Ecological and cross-level studies

Jan Neeleman

in Practical Psychiatric Epidemiology

Published on behalf of Oxford University Press

Published in print August 2003 | ISBN: 9780198515517
Published online March 2013 | e-ISBN: 9780191754289 | DOI:
Ecological and cross-level studies

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Ecological studies differ from other study designs by having groups of individuals as their unit of analysis. Studying differences in risk factors between individuals cannot fully explain variations in the health of populations in different regions or over time, and ignores the fact that a population's health impacts on social functioning and collective economic performance (McMichael and Beaglehole 2000). Similarly, there is increasing interest on the impact of social capital, or those aspects of the social environment that promote cohesion and cooperation, which have been associated with improved health and other outcomes. For example, a recent study found higher rates of common mental disorder among British women living in areas of low social capital (McCulloch 2001).

Thus ecological associations can be analysed to gain insight into aetiological mechanisms at the level of individuals (cross-level inference), although there is ongoing debate about whether ecological analyses can add to insights obtained from studies of individual persons. Kasl (1979) stated that ‘ecological analyses lead to results which, in themselves, are opaque, unhelpful, potentially misleading’. Others emphasize that population health is more than the sum of the health of individual population members, and that therefore, ecological studies have a separate role alongside individual-level epidemiological research (Rose 1992).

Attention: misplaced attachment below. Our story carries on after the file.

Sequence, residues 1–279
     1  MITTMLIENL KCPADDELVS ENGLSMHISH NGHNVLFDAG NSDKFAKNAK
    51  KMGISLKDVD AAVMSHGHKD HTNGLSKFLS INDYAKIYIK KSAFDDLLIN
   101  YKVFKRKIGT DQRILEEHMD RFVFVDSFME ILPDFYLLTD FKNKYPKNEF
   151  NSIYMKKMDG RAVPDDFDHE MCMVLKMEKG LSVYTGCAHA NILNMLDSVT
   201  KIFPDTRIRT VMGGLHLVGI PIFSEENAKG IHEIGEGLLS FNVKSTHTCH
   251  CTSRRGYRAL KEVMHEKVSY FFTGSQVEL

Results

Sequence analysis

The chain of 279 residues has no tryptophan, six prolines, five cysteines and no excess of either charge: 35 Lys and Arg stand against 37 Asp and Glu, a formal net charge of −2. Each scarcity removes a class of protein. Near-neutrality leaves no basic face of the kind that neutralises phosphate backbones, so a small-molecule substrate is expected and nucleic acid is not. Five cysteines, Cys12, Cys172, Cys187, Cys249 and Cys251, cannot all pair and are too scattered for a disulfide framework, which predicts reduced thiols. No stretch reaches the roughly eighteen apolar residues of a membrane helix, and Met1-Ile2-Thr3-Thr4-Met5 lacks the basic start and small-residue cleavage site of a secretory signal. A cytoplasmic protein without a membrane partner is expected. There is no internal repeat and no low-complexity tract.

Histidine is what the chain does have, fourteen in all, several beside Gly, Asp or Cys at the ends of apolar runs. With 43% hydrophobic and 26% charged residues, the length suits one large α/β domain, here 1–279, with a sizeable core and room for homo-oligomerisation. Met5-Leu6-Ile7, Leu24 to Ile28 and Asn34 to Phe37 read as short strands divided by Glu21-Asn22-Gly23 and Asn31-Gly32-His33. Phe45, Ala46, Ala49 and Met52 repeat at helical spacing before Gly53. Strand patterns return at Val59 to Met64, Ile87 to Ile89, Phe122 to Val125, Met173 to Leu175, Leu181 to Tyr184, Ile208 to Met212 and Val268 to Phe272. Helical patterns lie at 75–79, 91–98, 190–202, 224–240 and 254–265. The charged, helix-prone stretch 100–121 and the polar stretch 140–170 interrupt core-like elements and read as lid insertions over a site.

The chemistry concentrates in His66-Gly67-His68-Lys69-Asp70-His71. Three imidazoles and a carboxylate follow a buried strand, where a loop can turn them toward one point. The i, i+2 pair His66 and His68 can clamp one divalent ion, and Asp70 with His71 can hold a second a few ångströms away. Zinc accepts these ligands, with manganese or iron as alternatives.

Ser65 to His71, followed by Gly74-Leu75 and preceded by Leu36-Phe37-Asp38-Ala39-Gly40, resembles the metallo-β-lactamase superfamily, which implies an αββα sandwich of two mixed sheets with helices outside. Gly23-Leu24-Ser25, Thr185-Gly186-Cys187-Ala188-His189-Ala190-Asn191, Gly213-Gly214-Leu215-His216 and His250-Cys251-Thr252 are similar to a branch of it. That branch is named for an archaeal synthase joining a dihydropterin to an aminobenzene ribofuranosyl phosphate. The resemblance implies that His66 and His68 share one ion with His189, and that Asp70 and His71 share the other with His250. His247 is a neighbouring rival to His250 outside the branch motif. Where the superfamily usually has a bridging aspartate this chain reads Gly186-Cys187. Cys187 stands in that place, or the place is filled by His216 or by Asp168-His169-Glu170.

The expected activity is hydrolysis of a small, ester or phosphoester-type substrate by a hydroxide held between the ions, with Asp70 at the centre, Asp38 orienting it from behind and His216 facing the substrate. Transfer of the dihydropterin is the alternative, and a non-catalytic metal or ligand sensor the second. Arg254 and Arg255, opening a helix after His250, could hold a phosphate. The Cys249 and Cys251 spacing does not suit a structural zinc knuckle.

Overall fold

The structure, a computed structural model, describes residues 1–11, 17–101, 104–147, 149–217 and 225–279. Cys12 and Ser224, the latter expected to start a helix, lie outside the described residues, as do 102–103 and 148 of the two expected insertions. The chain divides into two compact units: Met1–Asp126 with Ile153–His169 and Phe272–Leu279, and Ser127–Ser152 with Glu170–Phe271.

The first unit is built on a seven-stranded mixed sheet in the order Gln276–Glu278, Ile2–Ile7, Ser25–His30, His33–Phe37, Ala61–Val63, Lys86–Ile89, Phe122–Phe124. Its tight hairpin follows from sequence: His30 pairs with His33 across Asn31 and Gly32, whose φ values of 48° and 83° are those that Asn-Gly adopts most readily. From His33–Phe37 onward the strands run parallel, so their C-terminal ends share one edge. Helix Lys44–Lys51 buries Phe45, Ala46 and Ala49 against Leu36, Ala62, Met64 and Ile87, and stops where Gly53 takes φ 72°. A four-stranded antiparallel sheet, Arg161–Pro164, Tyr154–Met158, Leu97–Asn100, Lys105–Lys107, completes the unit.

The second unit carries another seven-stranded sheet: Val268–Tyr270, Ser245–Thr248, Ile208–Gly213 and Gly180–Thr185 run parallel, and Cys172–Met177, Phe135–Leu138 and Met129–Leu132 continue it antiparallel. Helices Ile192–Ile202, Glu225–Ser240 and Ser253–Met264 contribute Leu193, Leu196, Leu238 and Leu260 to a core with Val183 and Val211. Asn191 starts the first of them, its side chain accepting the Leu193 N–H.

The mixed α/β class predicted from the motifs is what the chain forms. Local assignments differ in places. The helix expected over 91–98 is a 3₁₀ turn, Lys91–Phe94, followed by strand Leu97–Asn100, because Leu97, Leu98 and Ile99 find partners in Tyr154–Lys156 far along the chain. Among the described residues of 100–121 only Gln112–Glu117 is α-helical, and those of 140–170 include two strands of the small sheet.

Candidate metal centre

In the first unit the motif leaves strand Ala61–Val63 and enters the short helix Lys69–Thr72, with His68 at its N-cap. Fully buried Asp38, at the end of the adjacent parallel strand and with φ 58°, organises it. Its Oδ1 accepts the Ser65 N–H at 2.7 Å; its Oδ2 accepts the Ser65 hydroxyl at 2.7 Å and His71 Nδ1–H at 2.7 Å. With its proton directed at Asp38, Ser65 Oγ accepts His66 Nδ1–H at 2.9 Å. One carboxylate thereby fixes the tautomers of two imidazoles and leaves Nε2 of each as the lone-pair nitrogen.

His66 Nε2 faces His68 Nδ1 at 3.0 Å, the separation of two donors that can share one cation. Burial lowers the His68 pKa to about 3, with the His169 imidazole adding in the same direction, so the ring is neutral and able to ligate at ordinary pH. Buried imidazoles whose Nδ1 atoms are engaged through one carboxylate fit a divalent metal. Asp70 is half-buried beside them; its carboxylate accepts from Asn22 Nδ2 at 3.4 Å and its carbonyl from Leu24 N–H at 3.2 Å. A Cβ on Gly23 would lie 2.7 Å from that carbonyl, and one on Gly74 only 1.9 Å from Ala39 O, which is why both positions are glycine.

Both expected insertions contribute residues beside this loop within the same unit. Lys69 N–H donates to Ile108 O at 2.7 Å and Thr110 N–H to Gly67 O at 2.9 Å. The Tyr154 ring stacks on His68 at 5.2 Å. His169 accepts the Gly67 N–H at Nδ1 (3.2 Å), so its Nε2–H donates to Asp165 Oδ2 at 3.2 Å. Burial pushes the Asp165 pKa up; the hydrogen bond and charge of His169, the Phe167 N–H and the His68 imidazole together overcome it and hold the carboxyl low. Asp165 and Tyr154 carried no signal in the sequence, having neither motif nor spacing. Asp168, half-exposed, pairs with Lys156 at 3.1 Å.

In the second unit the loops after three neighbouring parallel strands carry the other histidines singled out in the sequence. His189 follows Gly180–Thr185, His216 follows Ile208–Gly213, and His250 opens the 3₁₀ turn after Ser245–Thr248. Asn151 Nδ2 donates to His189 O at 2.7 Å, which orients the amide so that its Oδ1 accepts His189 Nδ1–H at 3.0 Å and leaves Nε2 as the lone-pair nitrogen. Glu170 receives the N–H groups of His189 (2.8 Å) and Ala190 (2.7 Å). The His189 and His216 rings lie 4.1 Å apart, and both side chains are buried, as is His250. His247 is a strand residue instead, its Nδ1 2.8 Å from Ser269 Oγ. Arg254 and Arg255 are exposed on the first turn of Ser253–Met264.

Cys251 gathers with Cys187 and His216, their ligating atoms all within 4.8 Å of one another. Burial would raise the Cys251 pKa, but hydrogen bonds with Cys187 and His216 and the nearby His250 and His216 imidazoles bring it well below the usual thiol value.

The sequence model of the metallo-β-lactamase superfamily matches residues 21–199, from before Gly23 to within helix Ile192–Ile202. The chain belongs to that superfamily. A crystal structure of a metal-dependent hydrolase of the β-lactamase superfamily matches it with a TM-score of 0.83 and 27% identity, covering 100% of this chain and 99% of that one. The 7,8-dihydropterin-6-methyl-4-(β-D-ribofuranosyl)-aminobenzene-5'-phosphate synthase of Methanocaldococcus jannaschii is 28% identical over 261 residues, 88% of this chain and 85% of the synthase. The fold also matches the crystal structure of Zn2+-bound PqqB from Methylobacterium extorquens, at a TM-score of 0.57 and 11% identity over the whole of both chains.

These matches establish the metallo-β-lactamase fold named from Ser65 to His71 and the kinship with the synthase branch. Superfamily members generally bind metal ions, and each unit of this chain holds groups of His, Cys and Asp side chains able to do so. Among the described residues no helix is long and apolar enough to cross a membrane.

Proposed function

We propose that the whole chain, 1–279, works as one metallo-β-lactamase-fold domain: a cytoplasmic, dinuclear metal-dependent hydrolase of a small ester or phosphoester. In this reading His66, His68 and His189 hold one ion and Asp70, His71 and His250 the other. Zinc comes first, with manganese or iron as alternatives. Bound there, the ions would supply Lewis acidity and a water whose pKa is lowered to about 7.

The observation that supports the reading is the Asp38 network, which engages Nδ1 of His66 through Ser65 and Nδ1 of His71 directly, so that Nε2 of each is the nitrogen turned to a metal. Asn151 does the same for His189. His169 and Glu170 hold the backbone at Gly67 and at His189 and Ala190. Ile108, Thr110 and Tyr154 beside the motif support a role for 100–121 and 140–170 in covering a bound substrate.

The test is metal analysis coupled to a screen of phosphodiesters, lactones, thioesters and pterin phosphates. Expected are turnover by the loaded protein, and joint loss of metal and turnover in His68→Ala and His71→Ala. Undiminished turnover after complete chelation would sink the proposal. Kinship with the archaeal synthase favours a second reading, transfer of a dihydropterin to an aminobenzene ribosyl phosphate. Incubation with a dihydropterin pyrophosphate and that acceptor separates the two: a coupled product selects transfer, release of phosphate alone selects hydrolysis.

This chapter summarizes the principles and the place of ecological studies in the history of epidemiology, and the distinguishing properties of ecological data. After a description of ecological study designs and their analysis, the chapter argues that ecological data have added value even if individual-level information is available on the associations of interest.

Chapter.  4492 words.  Illustrated.

Subjects: Psychiatry ; Public Health and Epidemiology ; Epidemiology

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